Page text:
Learn to Play Toombi - Part 2 - Playing First Four Notes

Uploaded by sangtarheer on 10.03.2011

Today we will see how the notes are played on this side of the Toombi.
Toombi is a fretless instrument.
Meaning that, as there are metalic frets on a guitar or a sitar or on a mandolin
whereever the notes are, there is nothing like that on a Toombi.
Just like a violin, cello, rabab, sarod or other such instruments which are known as fretless instruments
it is a fretlees instrument, like a Sarangi.
The notes on it are learnt with hardwork and ear training.
the notes are there.
On what points do they exist? If one knows a little about that, it helps.
Here I would like to tell you that the minimum interval is known as semi-tone in English.
When two semitones come together, it is known as a tone.
In Punjabi, we refer to them as a half note or a whole note.
If we see this on a Harmonium, the notes right next to each other are a semotone apart.
On a harmonium (keyboard) any two keys separated with one key between them, make one tone.
As Mandolin and Toombi are very similar instruments, I'll show you this on a Mandolin.
Here you see that the Mandolin has these frets.
And, this is a half note.
The second fret, a whole note.
The third fret, one and half note.
The fourth fret, two notes and this is the fifth fret.
And, we will learn Sa Re Ga Ma on this.
The Re is one whole note higher than the Sa.
Which means it would be on the second fret.
And the Ga, is one tone higher than the Re.
It means it is situated on the fourth fret.
And the Ma (fourth) is half note higher than the Ga.
Which means that it is the next fret.
Meaning that if we play Re tivar (sharp), Ga tivar, and Ma komal (flat) These are known as natural (shudh) notes.
Sa, Re, Ga, Ma.
If we play this on Mandolin,
It would play Sa-Re-Ga-Ma (Natural notes).
[Plays first four natural notes]
See here, press on the second skipping the first
press on the fourth skipping the third
And press on the very next one (fifith fret).
As mandolin has a fret
so even if we play a little farther from the fret
as this is the Re (second major),
if we press a little away from the fret, it would still sound like a Re.
Because the string is touching the fret.
Having said that,
even the instruments with frets, only sound their best when we play right behind the fret.
I'll show you that if I move the finger too far back
you'll see that the sound will become a buzz.
It is no good.
If we play close to the fret, it will be much clearer.
It will only sound right when we play very close to the fret.
That means, even when we play a mandolin (or another fretted instrument)
we should learn to position our hand right where the notes are.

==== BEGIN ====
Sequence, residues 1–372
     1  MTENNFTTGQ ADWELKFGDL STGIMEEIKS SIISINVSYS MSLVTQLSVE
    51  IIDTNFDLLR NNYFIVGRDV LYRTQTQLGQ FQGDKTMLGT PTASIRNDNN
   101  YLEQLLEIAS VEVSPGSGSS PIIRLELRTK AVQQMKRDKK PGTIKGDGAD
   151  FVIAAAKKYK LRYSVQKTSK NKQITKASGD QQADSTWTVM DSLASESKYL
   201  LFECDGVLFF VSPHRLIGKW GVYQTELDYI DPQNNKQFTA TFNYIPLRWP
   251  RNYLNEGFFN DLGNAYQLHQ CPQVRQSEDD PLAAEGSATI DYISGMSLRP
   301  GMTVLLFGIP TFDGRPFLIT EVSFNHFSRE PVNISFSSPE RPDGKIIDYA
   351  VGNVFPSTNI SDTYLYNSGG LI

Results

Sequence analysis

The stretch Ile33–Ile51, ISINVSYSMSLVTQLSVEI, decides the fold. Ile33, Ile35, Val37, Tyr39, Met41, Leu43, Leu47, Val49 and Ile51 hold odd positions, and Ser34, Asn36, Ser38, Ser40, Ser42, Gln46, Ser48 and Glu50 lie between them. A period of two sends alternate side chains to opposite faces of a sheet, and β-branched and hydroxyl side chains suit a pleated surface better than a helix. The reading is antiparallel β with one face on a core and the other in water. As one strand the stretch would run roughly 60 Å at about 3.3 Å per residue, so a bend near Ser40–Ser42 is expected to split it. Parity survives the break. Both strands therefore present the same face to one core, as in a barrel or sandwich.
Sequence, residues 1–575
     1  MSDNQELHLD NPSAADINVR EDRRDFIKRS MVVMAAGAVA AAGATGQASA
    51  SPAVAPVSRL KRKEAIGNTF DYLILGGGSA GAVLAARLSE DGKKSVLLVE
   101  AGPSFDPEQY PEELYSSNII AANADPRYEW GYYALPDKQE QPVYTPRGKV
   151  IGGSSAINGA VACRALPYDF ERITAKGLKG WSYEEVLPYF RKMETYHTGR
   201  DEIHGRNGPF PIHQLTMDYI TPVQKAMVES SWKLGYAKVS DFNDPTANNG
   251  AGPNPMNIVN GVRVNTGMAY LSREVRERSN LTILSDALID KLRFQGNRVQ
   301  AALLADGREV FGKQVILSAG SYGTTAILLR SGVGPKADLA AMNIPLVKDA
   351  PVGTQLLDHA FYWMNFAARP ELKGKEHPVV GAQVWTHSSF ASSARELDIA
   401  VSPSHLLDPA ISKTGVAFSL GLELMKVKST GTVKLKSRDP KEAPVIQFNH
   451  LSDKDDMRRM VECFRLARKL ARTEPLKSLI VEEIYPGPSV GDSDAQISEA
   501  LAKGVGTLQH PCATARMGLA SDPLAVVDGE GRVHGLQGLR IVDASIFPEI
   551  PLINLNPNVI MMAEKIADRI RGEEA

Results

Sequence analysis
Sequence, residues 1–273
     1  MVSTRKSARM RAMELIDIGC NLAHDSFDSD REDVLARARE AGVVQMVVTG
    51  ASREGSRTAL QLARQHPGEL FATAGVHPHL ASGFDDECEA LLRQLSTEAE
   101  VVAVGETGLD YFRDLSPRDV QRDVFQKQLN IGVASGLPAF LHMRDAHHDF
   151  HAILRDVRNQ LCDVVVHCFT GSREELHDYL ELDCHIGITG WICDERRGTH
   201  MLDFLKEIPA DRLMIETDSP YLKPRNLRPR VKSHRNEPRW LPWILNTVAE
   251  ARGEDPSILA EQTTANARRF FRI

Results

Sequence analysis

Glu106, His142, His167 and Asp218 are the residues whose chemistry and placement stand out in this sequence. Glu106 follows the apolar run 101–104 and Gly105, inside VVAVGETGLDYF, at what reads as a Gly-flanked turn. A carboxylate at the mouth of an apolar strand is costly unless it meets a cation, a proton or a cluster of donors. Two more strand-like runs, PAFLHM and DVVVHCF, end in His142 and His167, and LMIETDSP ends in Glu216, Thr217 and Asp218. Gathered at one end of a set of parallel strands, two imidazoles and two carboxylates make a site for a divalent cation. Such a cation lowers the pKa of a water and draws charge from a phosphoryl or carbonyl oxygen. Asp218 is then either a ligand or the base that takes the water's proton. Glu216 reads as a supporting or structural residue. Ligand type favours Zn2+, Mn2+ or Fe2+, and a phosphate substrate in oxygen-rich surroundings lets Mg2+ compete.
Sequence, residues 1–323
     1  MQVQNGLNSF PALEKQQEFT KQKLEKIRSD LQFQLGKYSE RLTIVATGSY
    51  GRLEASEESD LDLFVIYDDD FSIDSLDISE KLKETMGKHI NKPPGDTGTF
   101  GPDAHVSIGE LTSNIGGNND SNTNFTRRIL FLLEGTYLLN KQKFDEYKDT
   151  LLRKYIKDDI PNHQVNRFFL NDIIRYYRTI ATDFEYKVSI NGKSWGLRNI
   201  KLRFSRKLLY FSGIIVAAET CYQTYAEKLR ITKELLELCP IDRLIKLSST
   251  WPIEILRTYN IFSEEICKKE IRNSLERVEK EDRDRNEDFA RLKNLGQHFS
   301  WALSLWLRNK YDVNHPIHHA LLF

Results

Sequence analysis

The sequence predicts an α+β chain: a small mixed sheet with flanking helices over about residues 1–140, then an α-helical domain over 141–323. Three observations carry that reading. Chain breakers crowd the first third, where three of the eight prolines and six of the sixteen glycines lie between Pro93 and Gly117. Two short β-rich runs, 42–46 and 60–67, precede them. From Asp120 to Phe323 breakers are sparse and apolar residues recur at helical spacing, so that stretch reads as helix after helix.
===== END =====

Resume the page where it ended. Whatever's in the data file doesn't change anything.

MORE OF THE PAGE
So in the same manner, how the hand is positioned here
if we compare, from Toombi's bridge to here
It is almost as long as this mandolin.
It means that even on the Toombi
the first notes will be about this far apart.
As long as the mandolin is in my hand I would also like to show you that
these notes are farther apart. As we move up the notes get closer.
In 'Just Intonation', the sharpness of one tone
we'll talk about that later,
is 9/8 (sharper) than the previous note.
and the distance (on a fret) gets about 8/9 smaller.
So as we go up, the frequency keeps going up (9/8) and the distances keep getting shorter (8/9).
And the notes keep getting closer to each other.
On Toombi as well, as we go up, the notes will get closer and closer .
That... That you have to learn with practice.
how to play them closer and closer.
But you don't have to learn that right now at all,
Right now, we are just concentrating on the first four notes.
Sa - the open string.
Skipping one, that is Re.
Skipping one more that would be Ga.
And the one next to it is Ma.
Sa, Re Ga Ma.
Now we'll see that how to play this on Toombi.
Here is the Toombi.
Here is its Sa.
It means about here, there is the first imaginary fret, Re komal (half note).
We are not using that. So the second fret would be about here.
Should be try playing a note here?
It is playing Re here.
It means about here is the Ga komal (third fret)
skipping over it, we will play the next (fourth fret).
And the Ga is there.
And right next to it was the Ma.
It is there as well.
It means
It played the same notes (as mandolin).
These are the notes you should practice.
Sa Re Ga Ma
Play just that and work hard.
Sa Re Ga Ma Sa Re Ga Ma
I also wanted to tell you that to play a Toombi
you don't really need long nails.
I don't have long nails
But Toombi produces its best sound with nails.
However, smaller your nails, you can bend your finger more this way.
Your flesh should not touch the wood, the contact must be made with a nail.
It doesn't mean that you need longer nails.
Longer your nails, your finger would be standing up and
shorter the nails, shorter the angle between your finger (and the fret).
It won't make much difference.
And now what this Sa Re Ga Ma is,
What tune can you play with this!
You can either play just...
Ga-Re-Ga-Re-Sa Ga-Re-Ga-Re-Sa
I mean...
With a plucking pattern of Da-ra Da-ra
Then add the fourth (Ma) to this
I'll show you a very famous tune here
On these notes, Ma Ga Re Sa.
You know that they play 'dara da d-dara da'.
If you can't pluck fast on this side
you can change the plucking to: Dre Dara Dre Dara x2
It will make it one and half times (rather than double).
I mean Dre Da-ra Dre Da- ra as:
And on this side play: Ma ga re, ga rere sa, right?
Here that is.
And now in the end, I will play the same tune in double time.
with the 'Da-ra Da-ra' (plucking) pattern.
And we'll also incorporate higher notes up to the upper Sa (octave).
So work hard on Sa Re Ga Ma
In the end, I'm playing the same tune a bit faster.
And that is it. In the next video we'll see how to play the Komal suwars (flats).